Sold on the Worthpoint auction site.

The advertising on the back of my card seems to be devoted to their brush on enamel product and you are urged to use it on refrigerator shelves (I was a tad surprised to even see the term refrigerator, rather than icebox, although Google assures me the term was already in use at the end of the 1800’s), closet shelves – further down it gets to sinks and bathtubs. It came in WHITE ONLY and had special directions on every can. It then goes into a litany extolling why you should buy this brand instead of a mystery one – the promise that you knew all and exactly what it contained, no mysterious extenders.

Pams-Pictorama.com collection; back of Mound City calendar card.

I close with a few of their stickers which are available on eBay and a final tip of the hat to the longevity of the advertising for the Mound City Paint and Color Company, St. Louis. Like many companies of the era, their advertising turned out to be their corporate immortality.

Premium

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Something given as a reward, prize, or incentive…Early 17th century (in the sense ‘reward, prize’): from Latin praemium ‘booty, reward’, from prae ‘before’ + emere ‘buy, take’. From the Oxford English Dictionary.

Pam’s Pictorama: For me one of the amazing and tantalizing pleasures of existing in the moment of time and space that I do is the relative availability of various premiums from the past. These items, only obtainable previously through either luck (think Cracker Jack) or by dint of labor (collecting cereal box tops shall we say), the products of early, crafty advertisers, are available now to us for examination and purchase more or less at will. It’s hard for me to describe how entertaining I find this to be – booty is the perfect word indeed, treasure! To a large degree, just being able to actually see them is enough, but yes of course, sometimes I find myself with a hankering to possess them as well.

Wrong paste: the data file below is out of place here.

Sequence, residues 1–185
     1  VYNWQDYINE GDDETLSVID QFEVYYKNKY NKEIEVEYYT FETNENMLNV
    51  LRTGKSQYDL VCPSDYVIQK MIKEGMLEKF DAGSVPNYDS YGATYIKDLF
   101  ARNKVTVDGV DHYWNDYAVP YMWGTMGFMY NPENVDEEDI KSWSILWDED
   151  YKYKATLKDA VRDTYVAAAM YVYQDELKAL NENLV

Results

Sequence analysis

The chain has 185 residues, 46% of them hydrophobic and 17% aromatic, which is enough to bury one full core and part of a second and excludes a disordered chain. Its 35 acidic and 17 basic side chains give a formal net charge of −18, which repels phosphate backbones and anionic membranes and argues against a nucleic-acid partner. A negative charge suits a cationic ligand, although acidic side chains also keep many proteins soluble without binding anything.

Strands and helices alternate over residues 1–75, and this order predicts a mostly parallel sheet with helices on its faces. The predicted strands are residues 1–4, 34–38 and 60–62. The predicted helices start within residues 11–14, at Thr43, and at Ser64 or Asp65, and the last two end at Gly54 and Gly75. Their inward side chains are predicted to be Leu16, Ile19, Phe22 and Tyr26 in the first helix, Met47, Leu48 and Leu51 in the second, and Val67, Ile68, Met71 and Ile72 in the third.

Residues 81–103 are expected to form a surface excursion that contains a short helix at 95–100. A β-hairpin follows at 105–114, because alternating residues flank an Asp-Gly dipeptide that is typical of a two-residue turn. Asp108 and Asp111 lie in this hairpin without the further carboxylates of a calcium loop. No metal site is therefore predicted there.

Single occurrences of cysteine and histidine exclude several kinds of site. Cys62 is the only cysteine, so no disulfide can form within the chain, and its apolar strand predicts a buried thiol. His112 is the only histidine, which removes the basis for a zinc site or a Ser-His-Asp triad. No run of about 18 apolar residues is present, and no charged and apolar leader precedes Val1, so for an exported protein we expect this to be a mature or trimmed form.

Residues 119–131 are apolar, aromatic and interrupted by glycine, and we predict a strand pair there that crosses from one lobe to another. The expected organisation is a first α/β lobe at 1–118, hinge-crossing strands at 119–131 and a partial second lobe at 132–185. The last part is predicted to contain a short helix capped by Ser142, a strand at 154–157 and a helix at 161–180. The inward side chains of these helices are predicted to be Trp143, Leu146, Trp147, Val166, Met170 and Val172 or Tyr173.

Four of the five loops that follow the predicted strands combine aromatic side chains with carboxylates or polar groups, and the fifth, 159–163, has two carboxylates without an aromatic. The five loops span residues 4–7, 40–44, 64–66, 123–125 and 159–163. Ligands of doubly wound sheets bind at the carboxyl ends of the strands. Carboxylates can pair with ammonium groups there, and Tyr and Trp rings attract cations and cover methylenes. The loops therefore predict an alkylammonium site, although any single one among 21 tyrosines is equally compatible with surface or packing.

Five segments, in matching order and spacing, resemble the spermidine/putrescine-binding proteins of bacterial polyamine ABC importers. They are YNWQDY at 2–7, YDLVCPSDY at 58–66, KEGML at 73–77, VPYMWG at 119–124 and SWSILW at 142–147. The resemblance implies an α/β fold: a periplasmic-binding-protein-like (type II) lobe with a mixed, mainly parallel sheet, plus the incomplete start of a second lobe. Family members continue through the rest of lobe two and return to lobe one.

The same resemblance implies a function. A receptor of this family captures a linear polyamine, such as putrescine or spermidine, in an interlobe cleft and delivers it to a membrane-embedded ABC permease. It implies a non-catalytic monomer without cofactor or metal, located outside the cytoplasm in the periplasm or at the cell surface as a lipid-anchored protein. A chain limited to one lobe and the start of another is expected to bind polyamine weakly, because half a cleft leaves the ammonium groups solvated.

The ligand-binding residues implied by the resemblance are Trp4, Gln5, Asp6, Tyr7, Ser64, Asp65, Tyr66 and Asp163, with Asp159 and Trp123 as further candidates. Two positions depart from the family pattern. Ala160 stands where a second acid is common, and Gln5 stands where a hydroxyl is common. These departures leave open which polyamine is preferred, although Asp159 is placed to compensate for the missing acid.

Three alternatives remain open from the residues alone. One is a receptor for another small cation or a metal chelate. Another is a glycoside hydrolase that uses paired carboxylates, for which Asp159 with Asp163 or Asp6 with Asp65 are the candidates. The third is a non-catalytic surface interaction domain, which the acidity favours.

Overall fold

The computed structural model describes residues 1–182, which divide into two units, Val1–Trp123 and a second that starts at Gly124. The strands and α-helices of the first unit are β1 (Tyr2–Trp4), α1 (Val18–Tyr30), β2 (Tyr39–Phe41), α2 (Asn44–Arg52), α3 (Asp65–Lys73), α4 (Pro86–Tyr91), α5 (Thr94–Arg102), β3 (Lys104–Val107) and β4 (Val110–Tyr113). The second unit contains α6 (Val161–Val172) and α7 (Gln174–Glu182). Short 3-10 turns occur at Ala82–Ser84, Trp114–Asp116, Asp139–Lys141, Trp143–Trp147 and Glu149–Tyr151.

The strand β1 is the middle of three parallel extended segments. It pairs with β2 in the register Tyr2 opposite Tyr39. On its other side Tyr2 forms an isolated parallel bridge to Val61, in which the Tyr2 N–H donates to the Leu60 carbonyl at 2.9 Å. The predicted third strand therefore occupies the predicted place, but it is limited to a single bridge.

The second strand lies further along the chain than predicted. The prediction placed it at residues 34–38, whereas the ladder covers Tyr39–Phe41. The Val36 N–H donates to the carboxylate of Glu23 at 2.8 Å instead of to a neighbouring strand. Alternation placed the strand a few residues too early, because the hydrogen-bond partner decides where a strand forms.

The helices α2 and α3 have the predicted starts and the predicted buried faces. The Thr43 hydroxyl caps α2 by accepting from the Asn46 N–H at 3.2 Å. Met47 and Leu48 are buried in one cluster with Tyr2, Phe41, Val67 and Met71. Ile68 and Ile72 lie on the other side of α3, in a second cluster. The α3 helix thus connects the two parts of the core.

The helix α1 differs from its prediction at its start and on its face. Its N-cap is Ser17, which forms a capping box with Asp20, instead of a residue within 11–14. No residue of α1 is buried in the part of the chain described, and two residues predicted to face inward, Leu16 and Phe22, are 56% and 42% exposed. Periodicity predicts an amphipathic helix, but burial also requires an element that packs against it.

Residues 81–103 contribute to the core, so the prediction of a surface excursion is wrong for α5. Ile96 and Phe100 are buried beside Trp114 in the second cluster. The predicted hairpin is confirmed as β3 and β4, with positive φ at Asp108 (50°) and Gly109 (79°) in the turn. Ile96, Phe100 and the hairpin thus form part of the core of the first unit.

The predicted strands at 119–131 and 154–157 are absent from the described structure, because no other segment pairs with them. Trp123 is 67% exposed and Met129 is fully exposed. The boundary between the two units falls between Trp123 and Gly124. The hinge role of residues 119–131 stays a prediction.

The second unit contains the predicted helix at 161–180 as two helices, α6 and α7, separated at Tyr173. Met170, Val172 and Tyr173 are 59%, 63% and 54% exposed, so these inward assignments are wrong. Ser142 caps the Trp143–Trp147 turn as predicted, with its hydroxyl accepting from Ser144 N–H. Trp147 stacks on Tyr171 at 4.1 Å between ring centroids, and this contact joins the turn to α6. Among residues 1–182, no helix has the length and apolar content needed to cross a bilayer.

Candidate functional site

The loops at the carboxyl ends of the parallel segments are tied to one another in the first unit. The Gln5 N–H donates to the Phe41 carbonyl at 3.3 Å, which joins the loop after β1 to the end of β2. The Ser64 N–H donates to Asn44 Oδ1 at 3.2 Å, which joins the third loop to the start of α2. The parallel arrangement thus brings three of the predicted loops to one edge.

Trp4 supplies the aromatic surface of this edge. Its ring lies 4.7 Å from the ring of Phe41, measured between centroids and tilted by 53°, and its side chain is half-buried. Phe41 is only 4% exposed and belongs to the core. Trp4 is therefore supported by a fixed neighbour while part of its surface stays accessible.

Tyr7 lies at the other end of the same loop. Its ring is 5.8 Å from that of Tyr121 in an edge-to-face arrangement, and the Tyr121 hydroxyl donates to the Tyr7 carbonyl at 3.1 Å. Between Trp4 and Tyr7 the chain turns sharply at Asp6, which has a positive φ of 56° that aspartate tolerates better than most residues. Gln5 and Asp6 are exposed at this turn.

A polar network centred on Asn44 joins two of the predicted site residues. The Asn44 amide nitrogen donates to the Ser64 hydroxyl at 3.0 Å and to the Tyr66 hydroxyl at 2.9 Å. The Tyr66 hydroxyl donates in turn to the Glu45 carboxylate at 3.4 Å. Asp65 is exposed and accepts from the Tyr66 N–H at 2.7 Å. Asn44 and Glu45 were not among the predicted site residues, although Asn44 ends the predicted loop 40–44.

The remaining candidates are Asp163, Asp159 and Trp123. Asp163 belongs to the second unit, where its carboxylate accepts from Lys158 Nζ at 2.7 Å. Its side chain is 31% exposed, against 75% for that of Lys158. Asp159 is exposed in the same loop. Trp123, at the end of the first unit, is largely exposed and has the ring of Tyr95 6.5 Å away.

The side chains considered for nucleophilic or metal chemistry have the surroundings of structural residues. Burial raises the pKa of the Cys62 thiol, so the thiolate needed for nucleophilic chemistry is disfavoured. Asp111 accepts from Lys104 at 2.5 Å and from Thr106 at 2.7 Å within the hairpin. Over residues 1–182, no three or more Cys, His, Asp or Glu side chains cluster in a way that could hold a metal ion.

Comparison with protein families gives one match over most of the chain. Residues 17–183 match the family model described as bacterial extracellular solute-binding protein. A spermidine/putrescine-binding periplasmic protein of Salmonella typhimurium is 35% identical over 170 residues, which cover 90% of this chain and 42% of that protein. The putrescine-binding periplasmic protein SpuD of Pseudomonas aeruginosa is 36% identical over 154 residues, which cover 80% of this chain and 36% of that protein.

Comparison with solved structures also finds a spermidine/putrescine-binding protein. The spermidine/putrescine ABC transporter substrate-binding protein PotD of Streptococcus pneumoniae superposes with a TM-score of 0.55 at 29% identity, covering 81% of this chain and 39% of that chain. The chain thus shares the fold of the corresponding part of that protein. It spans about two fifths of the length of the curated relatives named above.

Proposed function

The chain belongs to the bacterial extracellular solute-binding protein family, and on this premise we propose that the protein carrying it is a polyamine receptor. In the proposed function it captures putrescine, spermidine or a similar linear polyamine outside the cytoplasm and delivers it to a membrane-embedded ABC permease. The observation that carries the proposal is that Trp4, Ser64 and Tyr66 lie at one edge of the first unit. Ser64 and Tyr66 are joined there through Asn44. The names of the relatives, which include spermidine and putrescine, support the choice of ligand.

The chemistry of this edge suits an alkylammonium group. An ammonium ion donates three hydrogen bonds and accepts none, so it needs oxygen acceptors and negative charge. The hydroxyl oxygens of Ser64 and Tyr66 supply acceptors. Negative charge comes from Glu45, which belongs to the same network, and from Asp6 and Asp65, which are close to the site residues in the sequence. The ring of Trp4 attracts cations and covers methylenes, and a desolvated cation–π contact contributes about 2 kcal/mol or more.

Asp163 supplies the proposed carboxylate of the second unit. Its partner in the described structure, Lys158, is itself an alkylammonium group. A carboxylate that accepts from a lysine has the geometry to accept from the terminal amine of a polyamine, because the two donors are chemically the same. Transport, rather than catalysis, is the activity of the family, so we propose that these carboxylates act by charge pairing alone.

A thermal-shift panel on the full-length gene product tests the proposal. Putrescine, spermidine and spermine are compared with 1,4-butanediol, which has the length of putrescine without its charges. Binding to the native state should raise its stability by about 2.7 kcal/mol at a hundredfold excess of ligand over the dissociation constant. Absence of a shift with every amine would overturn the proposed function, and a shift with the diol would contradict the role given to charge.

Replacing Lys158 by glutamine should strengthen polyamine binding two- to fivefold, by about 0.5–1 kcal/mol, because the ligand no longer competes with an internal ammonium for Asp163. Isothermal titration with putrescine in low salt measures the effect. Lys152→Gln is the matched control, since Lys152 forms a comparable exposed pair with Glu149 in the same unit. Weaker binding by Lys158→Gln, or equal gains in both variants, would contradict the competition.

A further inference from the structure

I first became aware of this particular bounty while working my way through a Hake’s auction catalogue. On the festive occasion that those folks sends me one of their fat color catalogues I like nothing better than to curl up in bed and read every page, pointing out the best stuff to Kim. (If the folks from Hake’s are paying attention I would like to point out that I rarely disappoint them on the occasion of receiving their missive and have made many a purchase I may have not discovered online. I wrote a little ode to the Hake’s catalogue once which can be found here.) In the process of this, I have discovered things I never knew existed that deeply interest me. Among these are strange political buttons of elections long past and a wide variety of premiums – give aways from everything, cereal to radio program tie-ins. Most with origins I am at least passingly familiar with, although some dimly at best.

Therefore it is fair to say my fascination with these items is not linked to a particular affiliation with the origin. I can deeply enjoy perusing Lone Ranger premiums (silver bullet ring anyone?) while being only passingly familiar or interested in the lore of the Lone Ranger, his comrades and their adventures, having personally only ever been exposed to the television show as fodder for Sunday afternoons in my childhood. The rings alone – those that might decode, magnify, signal or contain a bit of mythical meteorite – tempt. Truly I would like to own them all and have only barely contained myself, limited by space, money and time.